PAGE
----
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Hoffmann, R. A wiki for the life sciences where authorship matters. Nature Genetics (2008)

Discovery of a human liver glycogen phosphorylase inhibitor that lowers blood glucose in vivo.

An inhibitor of human liver glycogen phosphorylase a (HLGPa) has been identified and characterized in vitro and in vivo. This substance, [R-(R*, S*)]-5-chloro-N-[3-(dimethylamino)-2-hydroxy-3-oxo-1-(phenylmethyl)pr opyl]-1H-indole-2-carboxamide (CP-91149), inhibited HLGPa with an IC50 of 0.13 microM in the presence of 7.5 mM glucose. CP-91149 resembles caffeine, a known allosteric phosphorylase inhibitor, in that it is 5- to 10-fold less potent in the absence of glucose. Further analysis, however, suggests that CP-91149 and caffeine are kinetically distinct. Functionally, CP-91149 inhibited glucagon-stimulated glycogenolysis in isolated rat hepatocytes (P < 0.05 at 10-100 microM) and in primary human hepatocytes (2.1 microM IC50). In vivo, oral administration of CP-91149 to diabetic ob/ob mice at 25-50 mg/kg resulted in rapid (3 h) glucose lowering by 100-120 mg/dl (P < 0.001) without producing hypoglycemia. Further, CP-91149 treatment did not lower glucose levels in normoglycemic, nondiabetic mice. In ob/ob mice pretreated with 14C-glucose to label liver glycogen, CP-91149 administration reduced 14C-glycogen breakdown, confirming that glucose lowering resulted from inhibition of glycogenolysis in vivo. These findings support the use of CP-91149 in investigating glycogenolytic versus gluconeogenic flux in hepatic glucose production, and they demonstrate that glycogenolysis inhibitors may be useful in the treatment of type 2 diabetes.[1]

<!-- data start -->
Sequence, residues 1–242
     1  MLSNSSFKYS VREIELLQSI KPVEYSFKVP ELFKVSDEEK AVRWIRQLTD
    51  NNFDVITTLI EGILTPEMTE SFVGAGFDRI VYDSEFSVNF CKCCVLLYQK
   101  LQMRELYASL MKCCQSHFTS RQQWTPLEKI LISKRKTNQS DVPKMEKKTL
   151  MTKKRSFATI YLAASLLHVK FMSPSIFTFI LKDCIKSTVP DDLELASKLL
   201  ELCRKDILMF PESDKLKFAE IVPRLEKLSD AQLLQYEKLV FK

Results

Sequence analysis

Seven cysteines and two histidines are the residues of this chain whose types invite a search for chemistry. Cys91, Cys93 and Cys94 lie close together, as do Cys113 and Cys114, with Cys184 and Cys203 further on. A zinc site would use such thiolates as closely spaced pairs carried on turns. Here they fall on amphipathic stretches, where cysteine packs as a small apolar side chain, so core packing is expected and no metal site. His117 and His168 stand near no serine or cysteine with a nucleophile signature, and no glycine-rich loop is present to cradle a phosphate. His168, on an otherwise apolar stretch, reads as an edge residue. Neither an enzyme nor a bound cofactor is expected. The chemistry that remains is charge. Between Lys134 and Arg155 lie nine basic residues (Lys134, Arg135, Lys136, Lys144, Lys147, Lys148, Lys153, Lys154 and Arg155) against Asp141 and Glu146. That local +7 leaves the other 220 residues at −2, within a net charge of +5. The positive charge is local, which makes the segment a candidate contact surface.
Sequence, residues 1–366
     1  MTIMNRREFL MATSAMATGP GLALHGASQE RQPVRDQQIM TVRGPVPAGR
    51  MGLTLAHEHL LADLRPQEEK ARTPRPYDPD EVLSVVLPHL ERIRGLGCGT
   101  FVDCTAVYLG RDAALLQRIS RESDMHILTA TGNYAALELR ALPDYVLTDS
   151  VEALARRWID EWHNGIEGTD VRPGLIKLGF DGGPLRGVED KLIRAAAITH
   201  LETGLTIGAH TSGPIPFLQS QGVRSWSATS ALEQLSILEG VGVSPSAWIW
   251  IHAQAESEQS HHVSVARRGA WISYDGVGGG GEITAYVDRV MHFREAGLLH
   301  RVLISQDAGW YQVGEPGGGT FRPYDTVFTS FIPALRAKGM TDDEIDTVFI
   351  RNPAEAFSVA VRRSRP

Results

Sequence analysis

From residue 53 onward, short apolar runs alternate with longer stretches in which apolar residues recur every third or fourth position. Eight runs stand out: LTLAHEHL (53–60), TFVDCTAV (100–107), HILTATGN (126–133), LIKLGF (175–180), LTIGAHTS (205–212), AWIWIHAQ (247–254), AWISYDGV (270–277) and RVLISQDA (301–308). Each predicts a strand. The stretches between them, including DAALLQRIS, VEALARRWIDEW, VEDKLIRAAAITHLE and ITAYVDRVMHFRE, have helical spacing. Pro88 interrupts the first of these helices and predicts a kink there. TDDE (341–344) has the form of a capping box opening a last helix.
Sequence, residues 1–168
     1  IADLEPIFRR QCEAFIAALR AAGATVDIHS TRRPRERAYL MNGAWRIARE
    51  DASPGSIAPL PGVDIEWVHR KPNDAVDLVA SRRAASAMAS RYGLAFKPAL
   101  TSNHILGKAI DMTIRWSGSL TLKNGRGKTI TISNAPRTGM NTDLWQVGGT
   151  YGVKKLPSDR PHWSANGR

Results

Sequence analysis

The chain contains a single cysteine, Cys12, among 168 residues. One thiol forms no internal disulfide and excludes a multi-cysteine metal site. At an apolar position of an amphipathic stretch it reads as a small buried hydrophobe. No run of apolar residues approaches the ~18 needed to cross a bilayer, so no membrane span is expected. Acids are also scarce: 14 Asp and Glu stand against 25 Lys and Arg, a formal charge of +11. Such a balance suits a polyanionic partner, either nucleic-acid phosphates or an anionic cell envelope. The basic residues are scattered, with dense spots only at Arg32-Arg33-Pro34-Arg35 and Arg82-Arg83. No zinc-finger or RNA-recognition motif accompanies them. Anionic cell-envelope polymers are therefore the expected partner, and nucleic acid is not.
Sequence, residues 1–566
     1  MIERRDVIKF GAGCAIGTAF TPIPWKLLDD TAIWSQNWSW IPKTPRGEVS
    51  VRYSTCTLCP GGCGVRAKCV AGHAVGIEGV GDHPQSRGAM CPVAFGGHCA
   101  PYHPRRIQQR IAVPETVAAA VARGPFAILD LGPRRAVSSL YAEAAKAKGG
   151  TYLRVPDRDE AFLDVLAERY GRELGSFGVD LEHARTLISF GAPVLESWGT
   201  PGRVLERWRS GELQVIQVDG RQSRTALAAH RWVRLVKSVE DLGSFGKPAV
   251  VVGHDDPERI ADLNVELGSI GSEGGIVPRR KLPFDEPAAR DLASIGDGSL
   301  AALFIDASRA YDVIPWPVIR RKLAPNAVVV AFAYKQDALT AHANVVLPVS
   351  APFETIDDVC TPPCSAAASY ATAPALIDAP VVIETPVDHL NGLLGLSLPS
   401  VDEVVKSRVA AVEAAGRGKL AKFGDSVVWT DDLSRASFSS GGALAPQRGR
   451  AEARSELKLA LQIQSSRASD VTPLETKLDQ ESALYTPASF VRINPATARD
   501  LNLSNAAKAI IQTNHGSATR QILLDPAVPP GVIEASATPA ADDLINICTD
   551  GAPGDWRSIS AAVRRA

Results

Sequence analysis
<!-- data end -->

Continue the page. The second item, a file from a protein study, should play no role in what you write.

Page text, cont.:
1. Discovery of a human liver glycogen phosphorylase inhibitor that lowers blood glucose in vivo. Martin, W.H., Hoover, D.J., Armento, S.J., Stock, I.A., McPherson, R.K., Danley, D.E., Stevenson, R.W., Barrett, E.J., Treadway, J.L. Proc. Natl. Acad. Sci. U.S.A. (1998) [Pubmed]
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